Sentinel warns of failed emergency calls

Niall Harper and Aaron Keith, founders of Sentinel Fire and Security
Niall Harper and Aaron Keith, founders of Sentinel Fire and Security

Residents in assisted-living and warden-assisted accommodation are at risk because their emergency communications are increasingly likely to fail.

Sentinel Fire and Security, which specialises in this technology, is warning that the new digital roll-out is leaving analogue systems dangerously exposed.

The company, headquartered in Poole, Dorset, says a percentage of analogue emergency calls fail, and that figure will only rise.

An elderly or infirm resident who relies on pulling a red chord or pushing a button around their neck could find that the call won’t get through.

By 2025 the country will have moved entirely to digital systems after BT Openreach completes the new fibre telecommunications infrastructure.

Any environment that has not upgraded means the lives of those within it will be at risk.

Sentinel, which was founded by experienced engineers Aaron Keith and Niall Harper and covers all aspects of fire and security, has been rushing to upgrade systems.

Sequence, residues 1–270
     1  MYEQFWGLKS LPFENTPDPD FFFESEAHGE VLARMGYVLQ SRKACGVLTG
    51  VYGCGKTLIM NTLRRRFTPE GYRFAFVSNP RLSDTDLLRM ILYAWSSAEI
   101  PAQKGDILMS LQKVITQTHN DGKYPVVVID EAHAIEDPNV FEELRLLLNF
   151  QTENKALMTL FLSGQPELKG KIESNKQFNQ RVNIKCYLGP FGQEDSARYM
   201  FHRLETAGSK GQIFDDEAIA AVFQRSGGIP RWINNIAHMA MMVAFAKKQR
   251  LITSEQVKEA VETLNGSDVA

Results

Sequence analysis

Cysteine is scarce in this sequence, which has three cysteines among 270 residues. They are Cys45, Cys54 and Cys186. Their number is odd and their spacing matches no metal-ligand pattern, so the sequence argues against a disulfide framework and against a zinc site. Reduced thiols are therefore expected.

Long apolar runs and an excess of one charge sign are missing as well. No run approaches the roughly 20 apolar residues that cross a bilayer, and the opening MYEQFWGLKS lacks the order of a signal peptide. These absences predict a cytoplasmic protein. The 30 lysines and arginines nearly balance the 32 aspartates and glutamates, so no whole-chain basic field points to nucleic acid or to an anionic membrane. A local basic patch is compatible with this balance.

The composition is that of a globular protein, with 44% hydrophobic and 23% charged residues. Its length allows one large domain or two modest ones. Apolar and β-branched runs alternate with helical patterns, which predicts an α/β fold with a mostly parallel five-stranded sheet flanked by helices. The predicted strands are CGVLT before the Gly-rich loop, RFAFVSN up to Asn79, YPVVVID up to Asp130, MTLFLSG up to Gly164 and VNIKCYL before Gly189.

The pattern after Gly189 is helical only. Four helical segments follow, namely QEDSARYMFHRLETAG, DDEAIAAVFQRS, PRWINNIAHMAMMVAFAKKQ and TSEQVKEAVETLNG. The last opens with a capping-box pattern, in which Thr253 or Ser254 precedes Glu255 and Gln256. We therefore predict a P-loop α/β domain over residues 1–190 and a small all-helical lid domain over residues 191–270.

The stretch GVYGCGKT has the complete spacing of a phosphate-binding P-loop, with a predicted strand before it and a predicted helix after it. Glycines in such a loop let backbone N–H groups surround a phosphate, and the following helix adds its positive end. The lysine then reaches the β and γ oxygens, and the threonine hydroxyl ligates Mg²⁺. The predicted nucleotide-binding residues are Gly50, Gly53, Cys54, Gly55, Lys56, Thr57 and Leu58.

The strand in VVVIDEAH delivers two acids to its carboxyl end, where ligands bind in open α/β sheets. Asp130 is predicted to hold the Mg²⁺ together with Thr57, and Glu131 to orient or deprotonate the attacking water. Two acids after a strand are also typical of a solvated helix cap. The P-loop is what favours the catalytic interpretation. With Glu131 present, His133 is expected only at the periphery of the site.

Aaron said: “There is very little understanding about this change, but it is extremely worrying.

“Perhaps because it is a niche area people are unaware that a percentage of emergency calls on analogue systems won’t connect.

“Obviously if you are an elderly person who has had a fall this could mean lying on the floor until someone arrives.

“Anyone in technology-enabled care relies on these systems if there is an emergency.

“While the country’s standards are among the strictest in the world, the infrastructure is creaking.

“That is why the government mandated BT Openreach to install a fibre network, making everything digital. And it is ahead of schedule.

“The analogue system it is replacing is not being upgraded so the percentage of failed calls will rise – quite alarmingly so it’s been predicted.”

Niall added: “We have been installing hybrid and digital systems for clients who were themselves unaware of the situation.

“Our team of nine engineers make sure they future-proof systems and not only is this important for residents’ peace of mind, but it is something insurance companies look out for.

“We don’t have a sales team but when we explain the situation people book us in to upgrade their systems straight away.

“What we really want to do is encourage people to check with their providers that the systems they have are reliable and whether the digital upgrade has any effect on them.”

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